Reprint: Conan Corvette
Illustrated Corvette Series No. 93 – 1992
Falconer V-12 Experimental Corvette “The Conan Corvette”
When the Dodge Viper debuted at the North American International Auto Show in January 1989, NO ONE knew what hit them. The Viper was new and fresh, yet it had a definite connection to the Shelby Cobra. Advanced orders were flooding in you know that designers were going back to the office saying, “DAMN!” The Corvette team was working on three fronts: improving the production Corvette, getting the LT-5 (ZR-1) ready for production, and honing the CERV III prototype as a possible C5 Corvette. But the economy wasn’t good and the reality of a CERV III-based car seemed dim at best Meanwhile, Chrysler was going into production with the V10-powered Viper. This posed a serious threat to the Corvette’s “America’s Only True Sports Car” status. Under the guise of a “chassis development” program, the Corvette team came up with the idea of trumping the V10 Viper with a V12 Corvette prototype. Enter Ryan Falconer. Falconer got his start in the early ’60 working for Andy Granatelli’s Novi engine -powered Indy racers. Later he joined in the Shelby American team and worked on the GT40 and racing Cobras. Two years later, Ryan started his own company, building his own racing engines. His associates reads like a “who’s who” of auto racing legends, including; Parnelli Jones, Al Unser, Mario Andretti, Jackie Stewart, and many others. So when the Corvette team decided to one-up the Viper with two extra cylinders, they decided on one of Ryan Falconer’s stunning, all aluminum V12 racing engines. Since the Corvette would have to be stretched, this was the perfect time for a “chassis study.” Since the Falconer V12 packed a 680-horsepower kick, the obvious place to begin was with a production ZR-1. The biggest challenge was the fact that the all-aluminum V12 engine was 8.8-inches longer than the production Corvette engine. So the front end of the ZR-1 would have to be stretched 8-inches. SportsFab of Wixom, Michigan was contracted to do the stretching. The extra length is barely noticeable, but the ’60s-styled side pipes sure are. Those were straight-through pipes directly off the tuned headers with no mufflers! With the hood up, the engine looked enormous. Amazingly, the extra length and the larger engine only added 100-pounds to the overall weight of the car. The engine used electronic fuel injection with a short-runner intake manifold and the aluminum block had pressed in cast iron sleeves, similar to the famous ZL-1 Actual performance figures were never published, as this was just a “chassis study.” But you can figure out the power-to-weight ratio. What was certain was that at $45,000 per engine, plus the chassis and body modifications, there was no chance this car would ever get into production. Nick-named “Conan” because of the huge V12 engine, the ZR-12 was without a doubt, the one of the baddest engineering study Corvettes ever made.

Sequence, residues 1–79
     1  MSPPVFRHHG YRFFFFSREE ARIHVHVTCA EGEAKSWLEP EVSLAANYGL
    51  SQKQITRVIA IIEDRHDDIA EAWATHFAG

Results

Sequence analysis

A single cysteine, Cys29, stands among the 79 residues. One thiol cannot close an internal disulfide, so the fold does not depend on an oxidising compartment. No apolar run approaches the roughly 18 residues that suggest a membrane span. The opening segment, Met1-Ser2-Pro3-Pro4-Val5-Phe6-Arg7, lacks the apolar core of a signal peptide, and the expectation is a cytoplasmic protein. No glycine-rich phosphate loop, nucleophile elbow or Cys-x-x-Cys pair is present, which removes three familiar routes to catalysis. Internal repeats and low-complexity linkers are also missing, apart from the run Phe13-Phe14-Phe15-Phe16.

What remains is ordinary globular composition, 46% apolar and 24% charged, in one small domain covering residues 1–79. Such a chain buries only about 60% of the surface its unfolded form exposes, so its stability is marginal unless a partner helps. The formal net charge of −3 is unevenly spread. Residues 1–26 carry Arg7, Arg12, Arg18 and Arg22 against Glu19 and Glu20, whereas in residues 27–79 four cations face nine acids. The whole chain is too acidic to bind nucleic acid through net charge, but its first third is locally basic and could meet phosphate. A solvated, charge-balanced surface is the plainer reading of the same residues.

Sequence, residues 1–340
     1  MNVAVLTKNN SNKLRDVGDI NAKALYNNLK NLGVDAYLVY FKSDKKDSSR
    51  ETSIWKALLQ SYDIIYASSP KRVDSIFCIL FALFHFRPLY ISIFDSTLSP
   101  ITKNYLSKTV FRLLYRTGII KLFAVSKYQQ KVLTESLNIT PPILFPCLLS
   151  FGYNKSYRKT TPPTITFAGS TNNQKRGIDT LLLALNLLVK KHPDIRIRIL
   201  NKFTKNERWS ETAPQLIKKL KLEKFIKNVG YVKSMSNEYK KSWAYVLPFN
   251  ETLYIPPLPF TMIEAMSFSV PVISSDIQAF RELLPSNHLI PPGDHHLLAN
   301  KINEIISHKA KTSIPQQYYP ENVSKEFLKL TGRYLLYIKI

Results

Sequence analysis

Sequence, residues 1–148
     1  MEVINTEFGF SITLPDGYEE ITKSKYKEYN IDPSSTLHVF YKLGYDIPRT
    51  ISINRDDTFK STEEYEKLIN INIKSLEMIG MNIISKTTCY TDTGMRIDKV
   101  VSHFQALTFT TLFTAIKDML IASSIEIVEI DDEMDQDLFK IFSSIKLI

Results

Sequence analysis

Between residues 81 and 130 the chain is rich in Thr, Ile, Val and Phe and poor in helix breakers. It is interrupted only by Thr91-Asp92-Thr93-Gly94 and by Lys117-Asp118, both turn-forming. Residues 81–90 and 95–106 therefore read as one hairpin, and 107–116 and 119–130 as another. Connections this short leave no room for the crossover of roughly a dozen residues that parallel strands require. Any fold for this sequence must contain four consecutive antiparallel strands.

By K. Scott Teeters